Tetsuo is angry, scared, and descending into madness. He tries to figure out what has happened and who he has become. He also decides to use his new powers to punish everyone who ever made him feel bad. It’s up to Kei, Kaneda, the Colonel, and a small army of supporting characters to prevent Tetsuo from doing to Neo-Tokyo what his predecessor did to Tokyo back in 1992.
They fail utterly.
Neo-Tokyo has fallen. The world may be next.
It would have complicated the synopsis to mention Chiyoko. I’m mentioning her now. She’s Kei’s intimidating aunt (or at least claims to be). She’s a nigh-indestructible giant who provides much needed heavy-weapons support for much of the manga.
If the only version of Akira you’ve seen is the anime, then you may be surprised to learn that whereas the movie ends with the destruction of Neo-Tokyo3, the manga continues for another twenty-two issues after Neo-Tokyo was wiped off the face of the planet. Again. In fact, that’s not the worst event to happen over the course of the manga. There’s no World War Four, but Tetsuo does reshape the Moon. Which has all sorts of nasty consequences
The synopsis may have made it sound as if gang leader Kaneda were a central player in the plot. Actually, he is just a prominent member of a very, very large cast, all of whom shape the plot. Kaneda is missing, thought dead, for a good chunk of the story. He’s useful to Team Save the Earth because, even though he has poor risk-assessment capacities4, he always manages to survive repeatedly pissing off a god-level psychic.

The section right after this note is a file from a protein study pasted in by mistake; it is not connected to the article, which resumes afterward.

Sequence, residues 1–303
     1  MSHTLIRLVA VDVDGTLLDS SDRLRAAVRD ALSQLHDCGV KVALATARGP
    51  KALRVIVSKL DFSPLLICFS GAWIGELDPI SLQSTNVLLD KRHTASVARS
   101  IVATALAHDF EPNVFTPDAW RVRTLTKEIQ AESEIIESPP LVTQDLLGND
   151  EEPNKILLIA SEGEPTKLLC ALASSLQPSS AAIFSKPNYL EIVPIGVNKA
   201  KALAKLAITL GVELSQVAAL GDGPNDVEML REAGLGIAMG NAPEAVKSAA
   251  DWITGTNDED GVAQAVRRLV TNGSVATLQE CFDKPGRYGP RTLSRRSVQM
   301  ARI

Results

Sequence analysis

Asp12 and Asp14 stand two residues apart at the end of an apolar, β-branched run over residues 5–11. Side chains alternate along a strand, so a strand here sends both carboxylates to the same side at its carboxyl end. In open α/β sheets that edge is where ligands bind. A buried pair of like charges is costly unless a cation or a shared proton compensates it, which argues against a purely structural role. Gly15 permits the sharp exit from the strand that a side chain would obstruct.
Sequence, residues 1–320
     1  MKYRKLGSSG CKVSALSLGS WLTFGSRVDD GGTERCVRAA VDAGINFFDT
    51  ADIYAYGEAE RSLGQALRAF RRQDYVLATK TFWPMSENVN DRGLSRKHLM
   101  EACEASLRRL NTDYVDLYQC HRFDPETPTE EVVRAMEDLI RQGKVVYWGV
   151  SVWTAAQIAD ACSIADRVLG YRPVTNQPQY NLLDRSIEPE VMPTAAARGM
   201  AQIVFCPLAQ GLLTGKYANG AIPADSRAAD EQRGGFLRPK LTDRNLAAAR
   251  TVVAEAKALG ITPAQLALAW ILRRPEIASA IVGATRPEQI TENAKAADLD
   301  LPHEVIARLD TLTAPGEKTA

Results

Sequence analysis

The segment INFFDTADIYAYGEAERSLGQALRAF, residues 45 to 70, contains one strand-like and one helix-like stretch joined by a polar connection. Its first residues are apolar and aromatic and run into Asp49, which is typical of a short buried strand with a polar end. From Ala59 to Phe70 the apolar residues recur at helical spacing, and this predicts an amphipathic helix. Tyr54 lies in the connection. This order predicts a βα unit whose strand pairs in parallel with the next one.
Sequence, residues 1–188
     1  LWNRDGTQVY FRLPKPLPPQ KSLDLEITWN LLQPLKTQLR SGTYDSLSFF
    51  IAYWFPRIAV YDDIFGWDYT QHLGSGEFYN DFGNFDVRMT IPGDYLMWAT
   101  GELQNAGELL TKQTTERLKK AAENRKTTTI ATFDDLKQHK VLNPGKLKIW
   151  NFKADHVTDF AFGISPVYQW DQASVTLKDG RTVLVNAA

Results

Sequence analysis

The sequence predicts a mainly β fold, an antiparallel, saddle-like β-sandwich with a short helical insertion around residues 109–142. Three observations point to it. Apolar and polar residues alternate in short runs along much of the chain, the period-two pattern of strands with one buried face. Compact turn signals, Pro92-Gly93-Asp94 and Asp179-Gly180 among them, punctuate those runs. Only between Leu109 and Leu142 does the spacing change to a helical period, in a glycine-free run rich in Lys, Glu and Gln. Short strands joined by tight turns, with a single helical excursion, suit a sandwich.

Most of the characters in this manga are … flawed.
Kaneda is a self-serving nihilistic hedonist.
Tetsuo rapidly turns into a homicidal rapist and dictator, with a side-order of eldritch abomination.
The Colonel is a control-freak.
Kei is a terrorist who will kill for a nebulous cause.
IMHO, the only decent character is Kaori (another character I didn’t manage to fit into the synopsis), one of Tetsuo’s doomed sex-slaves. Despite horrific abuse, Kaori remains compassionate and self-sacrificing. Not that this saves her from the aforementioned doom.
The art in this manga (by Otomo) is exquisite. It’s even more noteworthy if one compares it to North American comics of the same period.
The manga manages to be a page-turner, even though if much of it is composed of chase scenes and violent but inconclusive confrontations.
I was disappointed by the conclusion, though I cannot think of any other way of ending this that wouldn’t have involved reducing the Earth to rubble.
This may not have been the best way to introduce North American fans to manga, but it was what we got. It worked.
1: My series Big Hair, Big Guns! focuses on SF of the 1980s. Almost all of Akira appeared in the 1980s, if not in a language I read. The Epic edition would have come out much earlier than it did had it not been for the artist’s insistence on reworking the ending.
2: Kaneda is also undeterred by the fact that he already has a lover. She may be pregnant. Not that Kaneda cares.
3: Uh, that’s a spoiler if you have not seen the movie.
4: Kaneda does spends a lot of time utterly terrified. So do many other characters. This is entirely justified.